I don’t know exactly when it happened, but at some point during my recent Twitter career, I began to really dislike fandom. It probably started back when some GHOSTBUSTERS fans so publicly messed themselves when it was announced that the new cast would be allowed to bust ghosts without penises. The crusty stench of entitlement from white men in their thirties who claim to be guardians of a childhood-defining franchise while also pimping their low-grade fan fiction became overwhelming. Later, when BATMAN AND SUPERMAN MAKE A PORNO came out, I was frequently accused of not really being a Superman fan – and even a Marvel shill – because I disliked that movie. SUICIDE SQUAD fans who hadn’t actually seen the movie attacked critics who had – accusing them of Marvel bias without a single hint of irony.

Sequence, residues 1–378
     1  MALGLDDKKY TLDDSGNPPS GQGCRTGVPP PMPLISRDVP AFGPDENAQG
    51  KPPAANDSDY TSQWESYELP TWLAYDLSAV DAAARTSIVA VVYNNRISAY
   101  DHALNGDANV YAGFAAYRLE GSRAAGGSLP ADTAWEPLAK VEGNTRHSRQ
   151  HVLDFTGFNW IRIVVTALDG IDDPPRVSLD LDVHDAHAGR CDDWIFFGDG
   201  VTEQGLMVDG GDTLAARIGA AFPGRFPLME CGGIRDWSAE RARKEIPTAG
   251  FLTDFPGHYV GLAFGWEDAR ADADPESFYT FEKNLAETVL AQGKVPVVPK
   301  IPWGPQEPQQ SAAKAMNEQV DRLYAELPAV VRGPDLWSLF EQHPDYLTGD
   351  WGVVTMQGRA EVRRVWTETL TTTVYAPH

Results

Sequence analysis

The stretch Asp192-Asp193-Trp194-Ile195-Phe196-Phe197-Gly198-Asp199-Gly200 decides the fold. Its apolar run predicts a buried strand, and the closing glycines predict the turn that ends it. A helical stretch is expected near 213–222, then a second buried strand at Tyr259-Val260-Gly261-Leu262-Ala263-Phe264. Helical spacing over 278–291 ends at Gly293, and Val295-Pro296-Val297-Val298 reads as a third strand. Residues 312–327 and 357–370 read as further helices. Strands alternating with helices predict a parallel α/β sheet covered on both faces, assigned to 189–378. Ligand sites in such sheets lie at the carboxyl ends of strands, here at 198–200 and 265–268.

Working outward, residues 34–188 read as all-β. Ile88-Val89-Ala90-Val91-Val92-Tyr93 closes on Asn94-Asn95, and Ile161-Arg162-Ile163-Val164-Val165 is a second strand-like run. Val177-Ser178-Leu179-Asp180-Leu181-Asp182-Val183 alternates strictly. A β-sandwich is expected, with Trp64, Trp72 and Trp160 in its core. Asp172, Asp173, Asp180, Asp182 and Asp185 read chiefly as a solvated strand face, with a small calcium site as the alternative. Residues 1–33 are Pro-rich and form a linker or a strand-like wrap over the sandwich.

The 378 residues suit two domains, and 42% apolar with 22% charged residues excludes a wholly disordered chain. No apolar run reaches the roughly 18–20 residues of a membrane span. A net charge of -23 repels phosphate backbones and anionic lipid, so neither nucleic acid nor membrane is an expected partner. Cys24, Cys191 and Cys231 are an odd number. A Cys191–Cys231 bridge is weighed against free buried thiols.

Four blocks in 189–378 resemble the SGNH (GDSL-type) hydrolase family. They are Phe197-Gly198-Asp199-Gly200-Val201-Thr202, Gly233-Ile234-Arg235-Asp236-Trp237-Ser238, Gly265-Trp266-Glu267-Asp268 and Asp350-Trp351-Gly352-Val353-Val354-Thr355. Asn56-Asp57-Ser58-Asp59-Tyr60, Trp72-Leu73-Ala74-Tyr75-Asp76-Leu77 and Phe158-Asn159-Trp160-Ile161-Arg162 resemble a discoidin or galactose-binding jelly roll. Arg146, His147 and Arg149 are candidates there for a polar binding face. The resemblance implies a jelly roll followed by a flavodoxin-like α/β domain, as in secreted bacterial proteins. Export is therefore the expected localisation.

The list of examples is long (recently I have been dismayed at “film twitter” deciding to tell people they had incorrectly built their #7favemovies – as if you can lecture people on what they love) and I would like to direct you to Devin Faraci’s excellent piece on fan entitlement over at Birth. Movies. Death – an essay with which I wholeheartedly agree. The internet has empowered the most toxic corners of fandom and I can’t imagine what it must like being a new young fan when there are so many gatekeepers ready to slap you down for not knowing enough, or not expressing it in the right way.